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New Digital Services Reset the Playing Field

The recent launch of new direct-to-consumer sports services is quickly changing the game, as professional leagues and other sports entities contemplate playing ball with industry rookies to increase greater awareness and sales opportunities.



Season-long, out-of-market live game packages from Major League Baseball ( and the National Hockey League (NHL Center Ice) have become part of the upstart ESPN+ direct-to-consumer service lineup, and the National Basketball Association’s NBA League Pass is taking its shots from inside Turner Sports’ Bleacher Report Live (B/R Live) DTC offering this fall. Against this backdrop, industry observers said the now wide-open field of standalone sports league and conference OTT offerings could be winnowed down to a handful of big, conglomerated DTC entities in the near future.

“These very elaborate, multi-sport [DTC] services aspire to be a Netflix of sports, and it certainly seems like they’re making substantial progress in doing so,” sports television consultant Lee Berke said.

Related: Sports Streaming Picks Up the Pace

The current roster of standalone subscription OTT sports services features a number of live out-of-market game packages ranging from the major pro sports leagues to college conferences such as the Atlantic 10 to smaller pro sports leagues such as the National Lacrosse League. Most of the packages operated independently from other digital services until this year, when B/R Live and ESPN+ launched with agreements to add many of the OTT services under their respective banners.

Berke said the emergence of DTC services like ESPN+, Bleacher/Report Live, CBS Sports’s CBS Sports HQ — with huge digital footprints and significant resources — have provided another platform for standalone sports networks to distribute and sell their content while maintaining their core OTT product for the diehards.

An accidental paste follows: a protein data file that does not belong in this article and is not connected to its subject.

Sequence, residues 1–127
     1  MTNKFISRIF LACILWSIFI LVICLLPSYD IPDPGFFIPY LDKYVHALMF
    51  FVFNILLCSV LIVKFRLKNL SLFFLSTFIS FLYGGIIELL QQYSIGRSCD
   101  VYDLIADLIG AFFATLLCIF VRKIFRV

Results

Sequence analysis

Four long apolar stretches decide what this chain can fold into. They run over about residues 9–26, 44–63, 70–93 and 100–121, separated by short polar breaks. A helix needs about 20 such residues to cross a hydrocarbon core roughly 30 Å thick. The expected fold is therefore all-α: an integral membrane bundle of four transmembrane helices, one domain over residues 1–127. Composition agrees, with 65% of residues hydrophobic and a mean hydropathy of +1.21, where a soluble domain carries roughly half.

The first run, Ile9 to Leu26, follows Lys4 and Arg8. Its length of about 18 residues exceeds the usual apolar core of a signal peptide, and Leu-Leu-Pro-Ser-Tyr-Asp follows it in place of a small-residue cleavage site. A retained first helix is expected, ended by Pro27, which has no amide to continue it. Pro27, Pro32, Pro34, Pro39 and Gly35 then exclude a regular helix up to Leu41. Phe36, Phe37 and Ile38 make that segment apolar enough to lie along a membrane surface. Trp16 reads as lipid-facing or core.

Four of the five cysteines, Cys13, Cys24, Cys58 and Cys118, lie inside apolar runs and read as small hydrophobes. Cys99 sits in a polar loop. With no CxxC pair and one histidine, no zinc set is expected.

“Everybody is looking for as much shelf space as possible, so they will increasingly look to offer standalones or create partnerships with other entities and run the services side by side,” Berke said. “As long as the programming is being sold and watched, they’ll try all these different things out.”

Bleacher Seats

Turner, which launched its Bleacher Report Live in April, will offer several OTT sports services within its app, including NBA League Pass — which Turner Sports distributes in association with the league — and the National Lacrosse League’s out-of-market service for the 2018-19 season, which last year was offered at a suggested retail price of $49.99.

Related: Turner to Launch Streaming Service Bleacher Report Live 

While Bleacher Report Live is offering all of its live events — which include Spring League football games, the World Arm-wrestling League and UEFA Champions League soccer games — for free as part of the service’s introductory offer, eventually consumers will be able to purchase sports content through B/R Live by subscription or on an individual-game basis, according to Turner Sports president Lenny Daniels.

B/R Live will support its league partners with marketing and promotional opportunities across the full spectrum of the services, he added.

“We’re not paying for the rights and saying go away — we’re partners through and through, and we’re going to help them sell their services,” Daniels said. “You just can’t pay someone a rights fee and say we’ll see you in a couple of years — it just doesn’t work like that anymore.”

Along with offering the NHL and MLB out-of-market packages, the ESPN+ service last week secured digital rights to the Atlantic 10 Conference, which gives the $4.99 per month service rights to more than 500 college sports events per year. Those events were previously available through the conference’s website, with consumers paying an average of $9.95 to $14.95 per month to access them.

Related: ESPN Makes Direct-to-Consumer Pitch With ESPN+

The Atlantic 10 deal adds to an already strong price-value proposition for ESPN+, which will offer thousands of live sports events for less than $5 per month.